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At the time the article was created Charlie Chia-Tsong Hsu had no recorded disclosures.View Charlie Chia-Tsong Hsu's current disclosures
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A lunotriquetral coalition, also known as lunotriquetral fusion or synostosis, is a type of carpal coalition and represents a congenital lack of separation of the lunate and triquetral bones of the carpus.
The term coalition is preferred over fusion for congenital coalitions, as during development the discrete carpal bones form by a process of separation, i.e. the lunate and triquetral do not form and then later fuse, they just never separate or only do so partially (hence incomplete coalitions) 9.
The lunotriquetral coalition is the most common type of carpal coalition with a prevalence of 0.1%. It is more common in females (F:M = 2:1) and African Americans.
The diagnosis can be established by typical findings on imaging.
Whilst osseous coalitions of the lunate and the triquetrum are known to be asymptomatic, fibrocartilaginous lunotriquetral coalitions can present as an uncommon cause of ulnar-sided wrist pain often due to pseudarthrosis or a post-traumatic disruption 3,8.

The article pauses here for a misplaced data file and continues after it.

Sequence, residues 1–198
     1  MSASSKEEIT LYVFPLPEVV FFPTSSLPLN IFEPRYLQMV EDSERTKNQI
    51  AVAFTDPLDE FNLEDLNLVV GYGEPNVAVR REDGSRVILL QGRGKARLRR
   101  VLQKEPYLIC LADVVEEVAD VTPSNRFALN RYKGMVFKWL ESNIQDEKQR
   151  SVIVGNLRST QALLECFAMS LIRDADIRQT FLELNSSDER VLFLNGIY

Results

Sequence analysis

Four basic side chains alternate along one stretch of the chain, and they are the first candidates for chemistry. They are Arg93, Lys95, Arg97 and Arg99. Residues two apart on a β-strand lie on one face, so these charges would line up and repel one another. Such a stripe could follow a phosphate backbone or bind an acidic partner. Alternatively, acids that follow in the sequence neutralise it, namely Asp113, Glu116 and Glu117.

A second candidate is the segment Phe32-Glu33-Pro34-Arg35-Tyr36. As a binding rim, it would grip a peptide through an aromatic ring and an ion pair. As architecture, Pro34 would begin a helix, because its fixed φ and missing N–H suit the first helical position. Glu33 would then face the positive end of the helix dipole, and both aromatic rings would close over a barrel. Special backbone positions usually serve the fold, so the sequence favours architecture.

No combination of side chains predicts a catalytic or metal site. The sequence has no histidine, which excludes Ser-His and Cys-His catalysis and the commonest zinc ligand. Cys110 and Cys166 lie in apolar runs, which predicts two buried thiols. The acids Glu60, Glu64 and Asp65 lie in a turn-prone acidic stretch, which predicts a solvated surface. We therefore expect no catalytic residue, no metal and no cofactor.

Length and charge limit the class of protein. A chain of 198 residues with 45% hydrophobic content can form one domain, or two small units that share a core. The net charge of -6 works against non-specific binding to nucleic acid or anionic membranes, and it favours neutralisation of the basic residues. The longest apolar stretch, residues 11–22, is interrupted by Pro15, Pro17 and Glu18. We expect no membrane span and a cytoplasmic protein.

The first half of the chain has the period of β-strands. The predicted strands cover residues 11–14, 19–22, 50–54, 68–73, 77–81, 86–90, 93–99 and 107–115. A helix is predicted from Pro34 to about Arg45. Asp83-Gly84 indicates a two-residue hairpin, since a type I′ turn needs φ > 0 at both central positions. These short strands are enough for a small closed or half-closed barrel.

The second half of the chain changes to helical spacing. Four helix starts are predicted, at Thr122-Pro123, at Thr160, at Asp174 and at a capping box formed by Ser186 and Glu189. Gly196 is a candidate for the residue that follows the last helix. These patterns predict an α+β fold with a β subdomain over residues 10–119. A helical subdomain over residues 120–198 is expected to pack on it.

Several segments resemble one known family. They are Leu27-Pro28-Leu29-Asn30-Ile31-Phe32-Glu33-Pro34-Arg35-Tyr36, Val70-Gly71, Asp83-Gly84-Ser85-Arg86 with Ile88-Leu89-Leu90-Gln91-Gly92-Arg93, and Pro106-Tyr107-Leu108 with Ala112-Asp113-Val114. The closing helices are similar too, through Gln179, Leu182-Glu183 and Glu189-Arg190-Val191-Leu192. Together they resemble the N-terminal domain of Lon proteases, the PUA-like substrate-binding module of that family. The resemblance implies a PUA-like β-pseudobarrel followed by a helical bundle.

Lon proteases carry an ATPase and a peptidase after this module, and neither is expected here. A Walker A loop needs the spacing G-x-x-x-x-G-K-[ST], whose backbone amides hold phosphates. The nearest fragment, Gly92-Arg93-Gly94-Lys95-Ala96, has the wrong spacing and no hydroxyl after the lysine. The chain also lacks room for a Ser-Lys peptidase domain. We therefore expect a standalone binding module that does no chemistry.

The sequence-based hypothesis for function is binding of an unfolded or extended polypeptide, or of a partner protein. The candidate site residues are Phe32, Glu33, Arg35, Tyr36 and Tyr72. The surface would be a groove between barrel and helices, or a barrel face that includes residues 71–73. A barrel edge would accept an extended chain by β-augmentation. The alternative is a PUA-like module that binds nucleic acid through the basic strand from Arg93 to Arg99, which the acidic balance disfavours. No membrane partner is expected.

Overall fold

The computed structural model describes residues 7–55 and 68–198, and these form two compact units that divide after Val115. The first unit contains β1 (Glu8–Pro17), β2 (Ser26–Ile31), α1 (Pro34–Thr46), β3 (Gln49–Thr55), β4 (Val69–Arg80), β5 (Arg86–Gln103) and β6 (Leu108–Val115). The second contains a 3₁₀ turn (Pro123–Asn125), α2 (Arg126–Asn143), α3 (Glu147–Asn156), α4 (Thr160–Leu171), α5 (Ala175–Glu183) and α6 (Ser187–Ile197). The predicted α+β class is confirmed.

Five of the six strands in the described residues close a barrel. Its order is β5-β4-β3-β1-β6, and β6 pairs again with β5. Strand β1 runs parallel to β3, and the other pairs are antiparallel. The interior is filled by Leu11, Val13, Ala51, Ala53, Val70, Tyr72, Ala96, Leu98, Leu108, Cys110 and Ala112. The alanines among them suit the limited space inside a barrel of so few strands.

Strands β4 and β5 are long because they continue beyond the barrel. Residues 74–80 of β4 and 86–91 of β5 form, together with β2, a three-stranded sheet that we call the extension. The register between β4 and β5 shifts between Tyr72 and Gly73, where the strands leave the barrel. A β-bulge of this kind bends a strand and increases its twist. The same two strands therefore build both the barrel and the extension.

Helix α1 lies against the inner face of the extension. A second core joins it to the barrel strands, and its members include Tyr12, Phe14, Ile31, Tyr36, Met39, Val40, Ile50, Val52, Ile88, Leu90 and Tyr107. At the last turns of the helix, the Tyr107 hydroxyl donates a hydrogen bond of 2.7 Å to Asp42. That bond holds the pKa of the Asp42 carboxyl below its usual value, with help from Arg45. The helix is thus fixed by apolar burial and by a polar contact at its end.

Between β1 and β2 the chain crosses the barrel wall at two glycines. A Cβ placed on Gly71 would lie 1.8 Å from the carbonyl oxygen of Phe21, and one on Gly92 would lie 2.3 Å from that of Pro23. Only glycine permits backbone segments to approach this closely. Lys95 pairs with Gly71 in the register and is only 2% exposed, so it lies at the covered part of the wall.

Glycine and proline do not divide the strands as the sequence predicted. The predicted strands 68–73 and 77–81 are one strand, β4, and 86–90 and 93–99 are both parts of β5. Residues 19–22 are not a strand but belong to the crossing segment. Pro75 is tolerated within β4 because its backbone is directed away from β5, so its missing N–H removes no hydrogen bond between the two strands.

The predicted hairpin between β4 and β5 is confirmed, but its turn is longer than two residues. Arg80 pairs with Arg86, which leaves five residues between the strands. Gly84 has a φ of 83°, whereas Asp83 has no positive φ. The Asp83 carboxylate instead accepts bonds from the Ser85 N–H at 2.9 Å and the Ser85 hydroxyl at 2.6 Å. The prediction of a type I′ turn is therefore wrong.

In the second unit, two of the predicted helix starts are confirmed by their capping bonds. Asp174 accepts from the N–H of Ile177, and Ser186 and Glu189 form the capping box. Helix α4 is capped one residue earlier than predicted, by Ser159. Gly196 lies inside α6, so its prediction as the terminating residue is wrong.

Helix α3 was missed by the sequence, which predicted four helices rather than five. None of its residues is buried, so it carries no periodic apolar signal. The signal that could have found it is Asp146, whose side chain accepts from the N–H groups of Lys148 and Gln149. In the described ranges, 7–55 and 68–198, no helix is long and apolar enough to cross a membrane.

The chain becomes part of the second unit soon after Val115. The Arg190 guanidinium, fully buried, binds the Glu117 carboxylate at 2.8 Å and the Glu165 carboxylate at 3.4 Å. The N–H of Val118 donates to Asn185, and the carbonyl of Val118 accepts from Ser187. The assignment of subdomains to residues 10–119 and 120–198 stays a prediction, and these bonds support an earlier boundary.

- the coalition may be fibrous, cartilaginous or osseous 5
- commonly bilateral 4
Carpal coalitions can follow an autosomal dominant route of inheritance
de Villiers classified lunotriquetral coalition into four types 6:
- incomplete (or fibrocartilaginous) fusion - resembles a pseudoarthrosis
- incomplete osseous fusion
- complete osseous fusion
- complete osseous fusion with other carpal abnormalities
- incomplete or complete fusion of the lunate and triquetrum
- possibly accompanied by a widened scapholunate interval 4
Treatment and prognosis
A lunotriquetral coalition is most commonly an incidental finding and does not require treatment if not symptomatic. It might occasionally be the cause of chronic wrist pain (especially in types 1 and 2 6) and can be fractured.
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